|Three different vintages of the top wine from Jean-Max Roger|
The final estate I visited in Sancerre is located in the village of Chavignol which is famous for its cheese as much for its wine. The village in fact is practically split between the wine family and the cheese family, and they each own about 50% of the property. I noticed that throughout the week I was very often asked what other estates I was visiting, particularly whilst I was in Sancerre. I get the impression there is a bit of friendly rivalry here. When I mentioned I was finishing at Henri Bourgeois one person referred to it as the ‘American winery’, which I took to either mean it was very modern and mechanical, or it was very large. It turns out that it is both, but as I have said several times on this blog, size does not necessarily have anything to do with quality, and don’t ever let anyone try to convince you otherwise. Just don’t fall for certain producers claiming they are boutique or artisan when they produce millions of bottles. Ten generations of Bourgeois have lived here in Sancerre, but like the rest of Sancerre it was very modest until recently. In fact in 1950 the vineyard holdings were just two hectares, giving you an idea about how much Sancerre has grown in the last sixty years. There are now around 70 hectares under vine within the Sancerre appellation with more outside of it, which only provides them with half of their required fruit, and with the exception of the cooperative is the largest winery in the region.
|Some of the fermentation tanks at Henri Bourgeois|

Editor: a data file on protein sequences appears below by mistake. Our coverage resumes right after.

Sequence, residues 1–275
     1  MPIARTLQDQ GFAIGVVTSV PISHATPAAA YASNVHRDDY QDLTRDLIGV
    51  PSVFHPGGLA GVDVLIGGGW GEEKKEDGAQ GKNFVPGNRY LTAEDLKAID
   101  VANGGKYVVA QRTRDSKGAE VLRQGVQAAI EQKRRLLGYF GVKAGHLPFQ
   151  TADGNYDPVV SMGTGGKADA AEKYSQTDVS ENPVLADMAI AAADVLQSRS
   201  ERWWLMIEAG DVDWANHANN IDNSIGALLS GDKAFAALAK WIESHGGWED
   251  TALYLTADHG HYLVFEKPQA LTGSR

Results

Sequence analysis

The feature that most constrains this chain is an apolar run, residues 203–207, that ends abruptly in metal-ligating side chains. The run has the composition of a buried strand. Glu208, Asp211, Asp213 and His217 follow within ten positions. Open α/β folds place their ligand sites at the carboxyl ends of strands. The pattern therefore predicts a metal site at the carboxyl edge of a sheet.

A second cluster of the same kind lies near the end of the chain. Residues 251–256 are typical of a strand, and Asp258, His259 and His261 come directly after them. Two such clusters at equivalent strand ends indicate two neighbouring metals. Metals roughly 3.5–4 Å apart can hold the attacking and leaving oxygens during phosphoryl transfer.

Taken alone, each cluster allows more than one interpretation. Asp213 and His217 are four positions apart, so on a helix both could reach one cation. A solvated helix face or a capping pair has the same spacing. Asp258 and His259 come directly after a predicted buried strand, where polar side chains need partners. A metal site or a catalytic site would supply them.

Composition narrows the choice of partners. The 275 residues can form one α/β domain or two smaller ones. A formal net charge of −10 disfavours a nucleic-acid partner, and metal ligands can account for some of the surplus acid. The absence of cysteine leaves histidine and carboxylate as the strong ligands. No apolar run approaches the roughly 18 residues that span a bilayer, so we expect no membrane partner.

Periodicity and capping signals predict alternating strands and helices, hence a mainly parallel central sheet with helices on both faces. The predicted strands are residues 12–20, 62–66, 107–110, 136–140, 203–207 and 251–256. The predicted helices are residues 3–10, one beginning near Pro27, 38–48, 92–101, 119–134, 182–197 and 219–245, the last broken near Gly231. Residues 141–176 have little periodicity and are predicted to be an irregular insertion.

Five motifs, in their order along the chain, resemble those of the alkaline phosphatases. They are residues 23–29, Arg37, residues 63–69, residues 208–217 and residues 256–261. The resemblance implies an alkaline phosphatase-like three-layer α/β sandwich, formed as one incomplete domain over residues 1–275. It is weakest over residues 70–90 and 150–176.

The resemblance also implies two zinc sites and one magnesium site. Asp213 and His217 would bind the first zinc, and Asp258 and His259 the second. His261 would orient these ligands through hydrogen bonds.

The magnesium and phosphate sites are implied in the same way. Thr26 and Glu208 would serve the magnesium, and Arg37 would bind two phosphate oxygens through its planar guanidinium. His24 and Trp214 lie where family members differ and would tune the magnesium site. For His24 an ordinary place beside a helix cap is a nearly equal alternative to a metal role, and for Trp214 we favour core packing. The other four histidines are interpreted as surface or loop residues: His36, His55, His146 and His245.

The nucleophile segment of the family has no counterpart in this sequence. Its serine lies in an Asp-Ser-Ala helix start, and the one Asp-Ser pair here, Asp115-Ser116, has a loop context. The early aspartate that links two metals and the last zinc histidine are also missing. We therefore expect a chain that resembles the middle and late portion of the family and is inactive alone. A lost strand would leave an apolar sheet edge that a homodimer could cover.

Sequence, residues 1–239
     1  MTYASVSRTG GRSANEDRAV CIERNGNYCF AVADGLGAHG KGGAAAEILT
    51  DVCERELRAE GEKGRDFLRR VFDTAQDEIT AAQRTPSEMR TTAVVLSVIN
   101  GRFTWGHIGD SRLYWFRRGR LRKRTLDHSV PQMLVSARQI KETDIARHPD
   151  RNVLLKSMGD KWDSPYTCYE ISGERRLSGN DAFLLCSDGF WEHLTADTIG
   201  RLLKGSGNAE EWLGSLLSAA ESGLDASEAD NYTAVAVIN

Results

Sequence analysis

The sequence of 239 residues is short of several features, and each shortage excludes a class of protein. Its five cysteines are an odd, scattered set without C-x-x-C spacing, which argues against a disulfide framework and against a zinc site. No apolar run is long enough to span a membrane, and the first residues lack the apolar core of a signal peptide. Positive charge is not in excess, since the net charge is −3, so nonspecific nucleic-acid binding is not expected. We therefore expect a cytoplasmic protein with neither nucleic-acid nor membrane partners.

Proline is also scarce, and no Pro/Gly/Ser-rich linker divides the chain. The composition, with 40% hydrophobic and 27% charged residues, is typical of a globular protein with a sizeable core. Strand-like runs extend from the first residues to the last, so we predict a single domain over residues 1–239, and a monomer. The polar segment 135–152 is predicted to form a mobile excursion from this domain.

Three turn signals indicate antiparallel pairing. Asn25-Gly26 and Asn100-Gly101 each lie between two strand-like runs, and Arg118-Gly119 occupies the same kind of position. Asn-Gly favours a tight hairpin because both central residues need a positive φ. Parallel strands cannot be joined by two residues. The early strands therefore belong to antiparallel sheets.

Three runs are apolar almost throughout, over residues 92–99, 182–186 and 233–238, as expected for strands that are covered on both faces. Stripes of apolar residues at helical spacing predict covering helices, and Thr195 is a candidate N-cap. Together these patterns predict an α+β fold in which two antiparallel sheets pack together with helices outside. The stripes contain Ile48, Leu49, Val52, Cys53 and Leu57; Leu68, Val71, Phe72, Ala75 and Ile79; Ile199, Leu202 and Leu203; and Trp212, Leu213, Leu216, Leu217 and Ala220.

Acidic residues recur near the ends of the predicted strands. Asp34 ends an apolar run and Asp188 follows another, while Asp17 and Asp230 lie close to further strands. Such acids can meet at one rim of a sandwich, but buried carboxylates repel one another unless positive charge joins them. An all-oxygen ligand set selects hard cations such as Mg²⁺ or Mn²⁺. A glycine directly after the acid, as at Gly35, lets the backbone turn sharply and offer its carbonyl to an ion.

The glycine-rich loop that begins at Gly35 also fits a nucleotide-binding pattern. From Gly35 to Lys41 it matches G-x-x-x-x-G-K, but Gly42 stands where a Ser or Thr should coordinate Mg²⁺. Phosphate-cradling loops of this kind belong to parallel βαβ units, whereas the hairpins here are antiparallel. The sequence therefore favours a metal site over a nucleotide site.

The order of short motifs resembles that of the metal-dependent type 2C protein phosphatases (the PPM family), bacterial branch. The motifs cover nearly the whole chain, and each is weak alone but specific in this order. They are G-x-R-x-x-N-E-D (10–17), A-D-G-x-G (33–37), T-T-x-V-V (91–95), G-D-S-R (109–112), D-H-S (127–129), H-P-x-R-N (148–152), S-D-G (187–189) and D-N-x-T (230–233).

The Henri Bourgeois winery compared to others in the region is a marketing machine. The reply I received to my appointment request was practically a press release that presumably gets sent to anyone requesting an appointment, and comes from the executive assistant of the General Manager Arnaud Bourgeois. The tasting room is similarly very modern and includes lots of displays both audio-visual and otherwise. I was shown around by the manager of the tasting room who used to be a sommelier, and has presumably taken hundreds of people from all over the world through the cellars. The tour was pretty PR and suggested that I had no idea how wine was made or packaged as it focused on the fermentation and bottling, not really talking at all about the vineyards. I can’t help but feel a little disappointed when I experience these kind of visits, particularly in such an artisan and agricultural wine region as Sancerre. This isn’t Bordeaux after all. Between the Sancerre, Pouily-Fume, vins de pays and Marlborough wines they bottle about 3.5 million per year, and ship the wines to over 90 countries. Keep an eye out as it won’t be too difficult to find some Bourgeois wine near you. The top wines are very good, and are certainly worth ageing as they take a little longer to develop in the bottle. The quality of the wines far outweighed the quality of the visit. Click here to read my tasting notes.
|Orders waiting to go all over the world|
Click here to see more photos from my final day in Sancerre, France.